If a feature of your “worship service” is people laughing uncontrollably or barking like dogs, you might be apostate.

If you’ve ever decided to “p*ss off the religious people” on Easter Sunday by playing AC/DC’s Highway to Hell to open the service, you might be apostate.

If you’ve written a book entitled “I Am” and it’s about positive confession rather than Jehovah, you might be apostate.

If you think you have the power to control the weather by the words you speak, you might be apostate.

Joyce-Meyer-600x450If you think that between the cross and the resurrection Jesus went to Hell and that Satan and the demons jumped up and down on His back, you might be apostate.

If the top three “pastors” you encourage people to follow on Twitter are T.D. Jakes, Rick Warren, and Joel Osteen, you might be apostate.

If a currently practicing homosexual couple wants to serve in leadership at your church and your only problem with it is that one of them isn’t yet divorced from his wife, you might be apostate.

If you’ve ever been accused of having an affair with Benny Hinn, you might be apostate.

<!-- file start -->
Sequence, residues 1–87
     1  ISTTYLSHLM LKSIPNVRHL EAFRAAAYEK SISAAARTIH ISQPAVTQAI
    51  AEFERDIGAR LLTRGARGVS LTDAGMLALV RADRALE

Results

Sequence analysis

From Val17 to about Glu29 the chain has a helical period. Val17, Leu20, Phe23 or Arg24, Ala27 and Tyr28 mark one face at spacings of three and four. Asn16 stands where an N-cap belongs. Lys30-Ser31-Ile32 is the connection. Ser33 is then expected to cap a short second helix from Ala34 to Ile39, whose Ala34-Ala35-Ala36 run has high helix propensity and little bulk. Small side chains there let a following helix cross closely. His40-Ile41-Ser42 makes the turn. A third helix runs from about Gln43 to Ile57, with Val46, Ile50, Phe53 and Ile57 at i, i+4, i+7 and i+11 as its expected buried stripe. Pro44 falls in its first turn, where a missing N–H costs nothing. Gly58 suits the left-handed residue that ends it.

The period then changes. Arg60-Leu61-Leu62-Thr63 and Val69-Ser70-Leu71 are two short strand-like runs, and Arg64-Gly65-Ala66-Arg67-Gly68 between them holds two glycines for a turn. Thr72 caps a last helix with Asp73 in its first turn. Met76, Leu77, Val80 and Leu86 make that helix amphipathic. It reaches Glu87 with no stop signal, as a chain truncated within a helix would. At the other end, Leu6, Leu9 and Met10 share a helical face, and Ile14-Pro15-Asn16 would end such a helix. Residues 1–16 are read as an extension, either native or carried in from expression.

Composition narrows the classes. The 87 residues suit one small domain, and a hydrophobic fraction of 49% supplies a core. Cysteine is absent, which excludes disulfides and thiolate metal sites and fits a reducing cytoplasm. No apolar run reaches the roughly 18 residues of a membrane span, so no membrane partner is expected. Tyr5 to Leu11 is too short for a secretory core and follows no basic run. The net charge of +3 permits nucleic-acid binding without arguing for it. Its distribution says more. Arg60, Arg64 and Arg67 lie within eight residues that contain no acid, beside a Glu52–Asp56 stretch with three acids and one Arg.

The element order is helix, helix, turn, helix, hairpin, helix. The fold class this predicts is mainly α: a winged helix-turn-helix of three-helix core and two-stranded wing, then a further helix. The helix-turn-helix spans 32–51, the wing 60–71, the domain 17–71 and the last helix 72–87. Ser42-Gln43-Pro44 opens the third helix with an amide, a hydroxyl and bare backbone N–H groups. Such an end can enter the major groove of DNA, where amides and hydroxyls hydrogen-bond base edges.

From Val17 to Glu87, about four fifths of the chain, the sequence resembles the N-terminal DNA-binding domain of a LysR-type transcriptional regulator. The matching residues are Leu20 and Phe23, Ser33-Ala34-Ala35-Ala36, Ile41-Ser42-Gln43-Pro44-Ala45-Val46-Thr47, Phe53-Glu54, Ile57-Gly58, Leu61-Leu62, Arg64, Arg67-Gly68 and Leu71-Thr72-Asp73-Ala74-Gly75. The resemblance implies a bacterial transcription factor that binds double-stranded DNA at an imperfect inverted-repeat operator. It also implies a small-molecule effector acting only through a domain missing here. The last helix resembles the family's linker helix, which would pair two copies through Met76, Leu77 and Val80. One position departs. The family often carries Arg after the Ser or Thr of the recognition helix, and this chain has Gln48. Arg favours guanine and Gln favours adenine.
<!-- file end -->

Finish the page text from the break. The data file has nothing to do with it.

If, a hundred years ago, your worship leaders might have been carted off to the funny farm or treated to an exorcism for conducting themselves like this, you might be apostate.

And, if you’re about to write a comment rebuking me for marking false teachers to avoid and exposing unfruitful works of darkness because Jesus would never do such a thing then you don’t know your Bible.

And you just might be apostate.

Church

Throwback Thursday ~ Six Ways Not to Forsake the Assembly

Originally published August 14, 2015

not forsake assembly

“We’ve been looking for a biblically sound church for seven years.”

“There isn’t a church that preaches sound doctrine within a 90 minute drive of our house.”

“My husband and I have given up on church.”

It was heartbreaking to read these and scores of similar comments responding to my recent article “Nine Reasons Discerning Women Are Leaving Your Church.” On the other hand, it was encouraging to hear from so many women (and even a few brave men!) whose love for Christ and fidelity to His word have moved them out of apostate churches and set them on the hunt for a body of believers which worships Him in spirit and in truth.

Even though most commenters already seemed to know this, I wanted to go back and clarify for everyone that leaving an apostate church is not the end of the story. God is quite clear in His word that we are not to abandon meeting together with other Christians for fellowship, worship, and the preaching and teaching of God’s word:

And let us consider how to stir up one another to love and good works, NOT neglecting to meet together, as is the habit of some, but encouraging one another, and all the more as you see the Day drawing near. Hebrews 10:24-25